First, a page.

Several simple accounting measures found to help predict stock returns have come to light in the past thirty years, most notably the book-value-to-market-value ratio (B/M) documented by Fama and French (1992, 1993) . In academica, the B/M ratio is known as the “value” factor. B/M measures how many assets you get per unit of price. The other dimension of value is “quality,” or how much value do the underlying assets actually generate. An asset purchased for $100 that produces terds is probably overvalued at 1 penny, whereas an asset purchased for $100 that produces golden nuggets is probably undervalued at 100x book. The main point is that not all assets are created equal and looking at book values doesn’t always tell you the entire value story.

The author identifies a “quality” measure that dominates many other factors in predicting the cross-section of returns (to include some analysts’ favorites–earnings and free cash flow). The specific factor used is defined as:

Profitability Factor=Revenues(t)-Cost of Goods Sold(t)/Total Assets (t)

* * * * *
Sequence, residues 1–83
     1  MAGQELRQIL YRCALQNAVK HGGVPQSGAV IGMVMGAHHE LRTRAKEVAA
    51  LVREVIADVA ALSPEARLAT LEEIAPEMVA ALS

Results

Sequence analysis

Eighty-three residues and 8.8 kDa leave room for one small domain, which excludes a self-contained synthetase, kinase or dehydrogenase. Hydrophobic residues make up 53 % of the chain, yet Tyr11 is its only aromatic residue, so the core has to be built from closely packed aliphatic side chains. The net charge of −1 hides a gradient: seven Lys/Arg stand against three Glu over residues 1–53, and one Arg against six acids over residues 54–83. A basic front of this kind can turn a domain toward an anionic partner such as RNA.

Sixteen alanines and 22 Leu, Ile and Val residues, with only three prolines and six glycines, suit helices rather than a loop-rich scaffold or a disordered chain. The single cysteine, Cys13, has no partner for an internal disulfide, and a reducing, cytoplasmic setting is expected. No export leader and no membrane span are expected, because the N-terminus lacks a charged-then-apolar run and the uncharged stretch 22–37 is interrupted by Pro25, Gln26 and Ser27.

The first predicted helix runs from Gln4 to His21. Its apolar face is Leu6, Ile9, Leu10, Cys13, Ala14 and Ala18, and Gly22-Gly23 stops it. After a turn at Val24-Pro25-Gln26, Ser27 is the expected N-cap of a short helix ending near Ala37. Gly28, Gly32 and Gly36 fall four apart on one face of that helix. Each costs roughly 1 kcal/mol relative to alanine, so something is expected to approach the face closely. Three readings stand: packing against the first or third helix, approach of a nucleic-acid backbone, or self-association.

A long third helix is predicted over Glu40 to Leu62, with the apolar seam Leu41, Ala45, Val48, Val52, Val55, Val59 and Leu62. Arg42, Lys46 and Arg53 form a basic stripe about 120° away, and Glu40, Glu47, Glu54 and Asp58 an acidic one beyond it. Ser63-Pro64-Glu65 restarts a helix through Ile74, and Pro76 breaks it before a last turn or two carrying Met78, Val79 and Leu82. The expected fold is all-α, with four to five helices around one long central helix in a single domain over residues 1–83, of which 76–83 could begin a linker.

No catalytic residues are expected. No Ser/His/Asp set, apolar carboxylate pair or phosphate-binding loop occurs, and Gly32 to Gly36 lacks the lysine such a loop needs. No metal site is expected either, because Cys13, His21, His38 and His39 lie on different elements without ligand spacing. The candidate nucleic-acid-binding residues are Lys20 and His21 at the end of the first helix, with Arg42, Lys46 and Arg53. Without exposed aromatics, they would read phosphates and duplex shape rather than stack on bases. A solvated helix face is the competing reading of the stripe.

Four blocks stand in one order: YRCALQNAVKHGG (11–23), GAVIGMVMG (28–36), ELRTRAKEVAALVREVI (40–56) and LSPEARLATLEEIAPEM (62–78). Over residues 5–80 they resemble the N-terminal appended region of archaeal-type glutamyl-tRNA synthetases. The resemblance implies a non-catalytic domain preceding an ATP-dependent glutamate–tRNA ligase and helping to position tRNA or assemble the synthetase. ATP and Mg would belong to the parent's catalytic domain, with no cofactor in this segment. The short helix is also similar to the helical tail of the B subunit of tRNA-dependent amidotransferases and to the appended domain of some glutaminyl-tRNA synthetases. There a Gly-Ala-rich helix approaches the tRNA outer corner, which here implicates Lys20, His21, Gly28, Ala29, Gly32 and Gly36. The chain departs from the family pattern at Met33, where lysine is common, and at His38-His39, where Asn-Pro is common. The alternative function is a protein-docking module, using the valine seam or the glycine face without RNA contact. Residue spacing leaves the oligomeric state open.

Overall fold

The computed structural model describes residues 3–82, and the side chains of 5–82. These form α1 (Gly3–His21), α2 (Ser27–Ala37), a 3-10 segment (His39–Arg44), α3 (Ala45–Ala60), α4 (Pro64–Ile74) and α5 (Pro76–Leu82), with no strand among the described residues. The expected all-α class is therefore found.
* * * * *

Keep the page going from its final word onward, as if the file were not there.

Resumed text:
The author uses the profitability factor to identify “productive assets,” because using other proxies for quality are sub-par. For example, earnings calculated from net income are noisy.  Earnings can be managed and/or manipulated, such that they may not be representative of the  economic position of a company.  On the other hand, gross profitability, which is calculated as revenues minus cost of goods sold, does a much better job of describing how well the company is performing.  As the author of this paper explains it, “gross profits is the cleanest accounting measure of true economic profitability.”

So Novy-Marx finds that higher profitability tends to predict higher expected returns, but how do the returns look to a trading strategy that longs high profitability and short low profitability?